ABB, the Swiss-Swedish electrical engineering group, on Wednesday set itself a two-year deadline for big acquisitions, failing which it would return cash to shareholders.
Unveiling ambitious new plans for virtually doubled sales growth and much higher margins, Fred Kindle, chief executive, said management understood it could not accrue cash for ever.
“Two years down the road is definitely too late. If we cannot meaningfully use the cash, we must return it to shareholders”, he said.
The new financial goals sealed a remarkable turnround for a company that nearly collapsed five years ago and has since pursued a textbook recovery through asset sales and a focus on its booming power and automation markets.
Sharply rising earnings and sale proceeds have swollen the group’s warchest to about $3.4bn after its latest divestments. Combined with higher gearing and new shares, analysts estimate ABB could have up to $15bn in financial firepower.
“Is ABB going to make a large acquisition or several medium or small ones? I would certainly hope so. In terms of financial affordability, everything is possible”, said Mr Kindle
More than 100 large targets had been screened and “dozens” of potentially attractive businesses identified, but acquisitions had been thwarted by unacceptably high prices, he revealed.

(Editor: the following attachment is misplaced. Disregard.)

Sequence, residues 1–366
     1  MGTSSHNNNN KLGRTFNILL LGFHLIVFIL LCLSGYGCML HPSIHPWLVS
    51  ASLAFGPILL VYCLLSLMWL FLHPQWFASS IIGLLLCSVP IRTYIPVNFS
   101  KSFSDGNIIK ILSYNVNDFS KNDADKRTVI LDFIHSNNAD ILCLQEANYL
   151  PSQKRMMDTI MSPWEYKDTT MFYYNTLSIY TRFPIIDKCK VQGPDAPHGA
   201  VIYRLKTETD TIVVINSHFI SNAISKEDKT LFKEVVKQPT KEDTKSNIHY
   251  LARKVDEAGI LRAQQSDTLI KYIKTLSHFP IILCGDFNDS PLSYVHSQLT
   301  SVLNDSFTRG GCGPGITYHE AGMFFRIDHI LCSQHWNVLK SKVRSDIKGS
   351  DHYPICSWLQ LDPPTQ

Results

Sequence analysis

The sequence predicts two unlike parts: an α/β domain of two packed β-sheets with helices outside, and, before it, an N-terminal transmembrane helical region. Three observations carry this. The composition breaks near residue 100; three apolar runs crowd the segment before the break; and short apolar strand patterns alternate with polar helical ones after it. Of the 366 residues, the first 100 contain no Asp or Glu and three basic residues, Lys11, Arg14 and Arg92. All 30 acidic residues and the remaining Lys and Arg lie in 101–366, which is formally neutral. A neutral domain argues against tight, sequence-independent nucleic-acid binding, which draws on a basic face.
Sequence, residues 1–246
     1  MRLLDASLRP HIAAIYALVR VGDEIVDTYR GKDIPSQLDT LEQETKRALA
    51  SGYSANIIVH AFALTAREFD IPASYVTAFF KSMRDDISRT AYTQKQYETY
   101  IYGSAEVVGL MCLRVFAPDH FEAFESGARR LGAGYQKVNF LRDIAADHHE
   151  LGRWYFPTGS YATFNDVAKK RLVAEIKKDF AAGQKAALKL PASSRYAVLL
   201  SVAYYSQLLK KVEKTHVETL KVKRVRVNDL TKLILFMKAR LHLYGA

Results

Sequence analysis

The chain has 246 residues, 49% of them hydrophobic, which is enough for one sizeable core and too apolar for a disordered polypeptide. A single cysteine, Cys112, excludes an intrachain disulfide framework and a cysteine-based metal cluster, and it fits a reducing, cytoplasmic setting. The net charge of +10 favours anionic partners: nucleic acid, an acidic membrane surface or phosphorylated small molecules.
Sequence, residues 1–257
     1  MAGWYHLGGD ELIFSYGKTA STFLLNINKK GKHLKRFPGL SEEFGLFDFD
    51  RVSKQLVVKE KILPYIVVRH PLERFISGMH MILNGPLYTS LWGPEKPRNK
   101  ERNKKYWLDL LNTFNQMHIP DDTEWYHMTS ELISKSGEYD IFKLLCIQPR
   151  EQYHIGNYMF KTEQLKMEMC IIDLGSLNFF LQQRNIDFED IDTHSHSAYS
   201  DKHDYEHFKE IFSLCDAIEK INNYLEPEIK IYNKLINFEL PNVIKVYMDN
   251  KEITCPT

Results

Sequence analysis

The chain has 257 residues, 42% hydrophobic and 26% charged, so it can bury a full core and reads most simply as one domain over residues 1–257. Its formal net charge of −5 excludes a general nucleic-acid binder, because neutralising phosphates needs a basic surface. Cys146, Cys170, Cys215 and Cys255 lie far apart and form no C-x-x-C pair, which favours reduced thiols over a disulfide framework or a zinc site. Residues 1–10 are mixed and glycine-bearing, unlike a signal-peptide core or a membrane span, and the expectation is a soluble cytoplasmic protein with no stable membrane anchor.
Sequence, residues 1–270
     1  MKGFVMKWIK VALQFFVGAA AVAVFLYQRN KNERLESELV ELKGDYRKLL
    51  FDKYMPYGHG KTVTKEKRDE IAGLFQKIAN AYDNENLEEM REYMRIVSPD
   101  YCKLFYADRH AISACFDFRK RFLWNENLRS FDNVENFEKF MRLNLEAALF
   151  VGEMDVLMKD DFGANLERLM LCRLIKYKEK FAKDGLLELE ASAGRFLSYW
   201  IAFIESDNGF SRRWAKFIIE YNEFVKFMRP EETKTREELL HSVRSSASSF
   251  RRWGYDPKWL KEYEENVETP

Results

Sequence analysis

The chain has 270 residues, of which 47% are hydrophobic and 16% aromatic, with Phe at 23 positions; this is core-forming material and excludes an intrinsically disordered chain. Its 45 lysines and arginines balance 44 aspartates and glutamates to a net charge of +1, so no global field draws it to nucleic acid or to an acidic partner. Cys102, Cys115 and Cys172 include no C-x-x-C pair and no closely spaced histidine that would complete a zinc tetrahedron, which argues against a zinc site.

Mr Kindle surmised turmoil in financial markets and rising interest rates might strengthen the hand of trade buyers, compared with financial sponsors. “Recent market jitters may increase the likelihood we will make a purchase, but that isn’t certain”, he said.
ABB’s priority remained investment in organic growth. But the company had identified automation products, power products and process automation as offering the best takeover chances. “We know what we would like to have”, he said.
Investors welcomed the new financial targets, reflecting vibrant demand. However, some analysts expressed disappointment about the lack of concrete information on buybacks or dividend rises, and the shares fell nearly 4 per cent to SFr28.70.
Under its new financial targets for 2007-11, ABB’s goal for sales growth, before acquisitions, has risen to a compound 8-11 per cent a year, compared with “more than 5 per cent”. The target for operating margins has climbed to 11-16 per cent, compared with “more than 10 per cent.”
The former targets, set in 2005 for attainment by 2009, had been met or exceeded thanks to buoyant demand and higher productivity.
In power products, ABB’s biggest single business, Mr Kindle forecast sales would rise by 10 per cent a year - almost double the market rate – while the operating margin would reach 17 per cent from almost 13 per cent today based on current favourable trends.
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